Complicated diving on the high sea
Author: Xavier Pastor
Date: August 16, 2010
We awoke in the Florida Middle Grounds, an area protected against bottom trawling formed by an ancient reef about 100 miles from the coast. Its peaks reach a depth of 25 meters. There we had planned to do another series of submersions. Our initial plan was to use the divers on the reef’s peaks and the ROV on the slopes that dropped off to depths lying outside the scuba’s possibilities. The submarine robot’s problems, that we hope to solve tomorrow, have forced us to concentrate on the shallower parts of the Middle Grounds. For the first time, visibility was excellent. The sandy bottom, sprinkled with coral, also held abundant specimens of coral and tube sponges in which specimens of gobies, spider crabs, grouper, hogfish, angelfish, jellyfish and algae like the halimeda live.
We performed two half-hour submersions at a depth of thirty meters, separated by about 5 miles and a three-hour rest. Today’s dives carried a certain degree of risk. They were very far from the coast, and in addition to that, the sea and wind became choppy at times. The rocking of the Latitude, a ship that was paradoxically built in Germany to work on the challenging North Sea to support the oil rigs, made it impossible to lower the large auxiliary launches. Therefore we had to work with the Latitude Too, a powerful semirigid inflatable boat that was easier to place in the water. We have taken all possible precautions to prevent divers, when they surface, from being dragged by the current before we could detect them. We added a large anchor buoy to their personal signaling buoys. It is tied to an anchor by a line by which the divers rose and descended. All of these precautions have proven to be justified because the wind, waves and current have significantly hindered visibility of the divers’ signaling buoys and retrieving them.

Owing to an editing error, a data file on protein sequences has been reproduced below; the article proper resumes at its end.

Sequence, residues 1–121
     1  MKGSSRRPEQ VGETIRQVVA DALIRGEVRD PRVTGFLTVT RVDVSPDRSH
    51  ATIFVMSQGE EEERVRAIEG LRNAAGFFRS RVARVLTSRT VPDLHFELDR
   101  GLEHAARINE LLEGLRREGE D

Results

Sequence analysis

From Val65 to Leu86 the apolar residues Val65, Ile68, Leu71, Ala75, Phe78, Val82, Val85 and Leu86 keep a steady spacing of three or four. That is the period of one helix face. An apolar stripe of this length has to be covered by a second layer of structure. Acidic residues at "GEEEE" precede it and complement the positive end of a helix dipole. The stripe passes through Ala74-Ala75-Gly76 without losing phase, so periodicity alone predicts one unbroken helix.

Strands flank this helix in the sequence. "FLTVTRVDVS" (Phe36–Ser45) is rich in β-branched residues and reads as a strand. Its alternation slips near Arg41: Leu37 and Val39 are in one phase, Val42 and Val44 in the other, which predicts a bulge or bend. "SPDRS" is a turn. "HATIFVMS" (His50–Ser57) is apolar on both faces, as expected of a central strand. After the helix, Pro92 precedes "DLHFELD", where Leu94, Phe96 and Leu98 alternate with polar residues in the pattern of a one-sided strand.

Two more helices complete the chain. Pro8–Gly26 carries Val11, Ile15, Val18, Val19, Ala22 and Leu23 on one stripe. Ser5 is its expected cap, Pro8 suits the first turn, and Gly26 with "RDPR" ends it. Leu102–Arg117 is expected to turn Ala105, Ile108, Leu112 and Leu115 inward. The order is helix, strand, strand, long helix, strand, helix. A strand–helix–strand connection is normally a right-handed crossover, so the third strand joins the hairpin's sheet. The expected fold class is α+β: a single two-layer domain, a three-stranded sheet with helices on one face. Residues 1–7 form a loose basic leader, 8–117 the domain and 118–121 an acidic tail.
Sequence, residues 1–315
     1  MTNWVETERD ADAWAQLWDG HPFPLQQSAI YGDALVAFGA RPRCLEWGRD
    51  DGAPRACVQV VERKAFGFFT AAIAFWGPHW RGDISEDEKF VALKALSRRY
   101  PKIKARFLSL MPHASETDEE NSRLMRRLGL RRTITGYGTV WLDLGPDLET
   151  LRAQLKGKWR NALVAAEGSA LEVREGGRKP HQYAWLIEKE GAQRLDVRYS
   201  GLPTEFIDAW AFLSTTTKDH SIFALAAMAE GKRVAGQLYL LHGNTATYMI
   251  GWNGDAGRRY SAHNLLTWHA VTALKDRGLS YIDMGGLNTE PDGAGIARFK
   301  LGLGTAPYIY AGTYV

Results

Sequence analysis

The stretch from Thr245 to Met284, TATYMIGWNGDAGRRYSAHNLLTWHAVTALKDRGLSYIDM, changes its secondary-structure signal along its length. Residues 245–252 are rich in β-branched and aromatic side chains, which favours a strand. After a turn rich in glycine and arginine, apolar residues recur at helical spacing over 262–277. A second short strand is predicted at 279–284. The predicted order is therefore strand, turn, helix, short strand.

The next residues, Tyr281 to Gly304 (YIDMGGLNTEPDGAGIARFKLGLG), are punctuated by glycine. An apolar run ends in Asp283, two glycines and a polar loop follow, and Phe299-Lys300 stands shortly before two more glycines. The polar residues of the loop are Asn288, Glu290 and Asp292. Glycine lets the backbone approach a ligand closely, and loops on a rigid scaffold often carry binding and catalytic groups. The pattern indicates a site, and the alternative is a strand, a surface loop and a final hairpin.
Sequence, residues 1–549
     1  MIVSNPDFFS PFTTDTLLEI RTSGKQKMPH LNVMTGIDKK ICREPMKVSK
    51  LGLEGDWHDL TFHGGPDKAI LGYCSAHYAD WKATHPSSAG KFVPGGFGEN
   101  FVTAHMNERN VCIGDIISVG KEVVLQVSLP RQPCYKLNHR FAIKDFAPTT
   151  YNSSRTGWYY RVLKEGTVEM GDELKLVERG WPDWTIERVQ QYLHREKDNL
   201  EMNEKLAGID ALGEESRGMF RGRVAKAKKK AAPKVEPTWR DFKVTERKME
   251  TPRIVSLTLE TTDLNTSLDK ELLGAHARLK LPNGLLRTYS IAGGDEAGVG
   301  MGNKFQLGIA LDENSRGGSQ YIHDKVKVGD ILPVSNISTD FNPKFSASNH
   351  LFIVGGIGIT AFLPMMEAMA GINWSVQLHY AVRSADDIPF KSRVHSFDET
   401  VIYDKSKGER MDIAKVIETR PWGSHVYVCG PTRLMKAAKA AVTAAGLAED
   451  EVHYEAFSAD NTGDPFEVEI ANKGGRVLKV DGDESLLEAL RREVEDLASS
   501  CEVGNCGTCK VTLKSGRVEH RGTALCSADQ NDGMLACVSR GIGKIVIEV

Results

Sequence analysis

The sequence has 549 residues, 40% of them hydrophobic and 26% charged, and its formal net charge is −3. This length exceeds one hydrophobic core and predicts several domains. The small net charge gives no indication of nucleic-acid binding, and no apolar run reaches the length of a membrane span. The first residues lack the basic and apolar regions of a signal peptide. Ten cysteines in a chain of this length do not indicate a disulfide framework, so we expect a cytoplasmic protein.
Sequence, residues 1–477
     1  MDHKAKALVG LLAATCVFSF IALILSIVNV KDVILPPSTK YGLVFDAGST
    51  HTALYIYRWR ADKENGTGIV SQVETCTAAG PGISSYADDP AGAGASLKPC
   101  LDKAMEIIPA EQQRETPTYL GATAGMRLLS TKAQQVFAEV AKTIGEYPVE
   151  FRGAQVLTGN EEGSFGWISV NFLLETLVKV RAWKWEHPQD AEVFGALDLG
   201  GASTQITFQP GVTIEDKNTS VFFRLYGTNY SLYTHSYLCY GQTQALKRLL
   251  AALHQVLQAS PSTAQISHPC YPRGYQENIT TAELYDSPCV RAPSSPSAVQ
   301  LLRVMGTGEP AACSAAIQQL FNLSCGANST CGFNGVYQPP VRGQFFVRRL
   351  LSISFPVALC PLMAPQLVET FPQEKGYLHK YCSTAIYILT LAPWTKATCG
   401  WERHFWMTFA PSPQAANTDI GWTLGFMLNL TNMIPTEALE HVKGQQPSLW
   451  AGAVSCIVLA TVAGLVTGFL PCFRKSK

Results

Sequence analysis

Hoisting the rubber boat on board was also an arduous task because of the waves and wind. It was finally achieved; not without effort by the entire crew and some alarm. Finally, when all the people and equipment were safe on board, we started the journey to Port Saint Joe, a small Florida coastal town where tomorrow we need to pick up the replacements for the damaged ROV parts. It’s more than 100 miles away.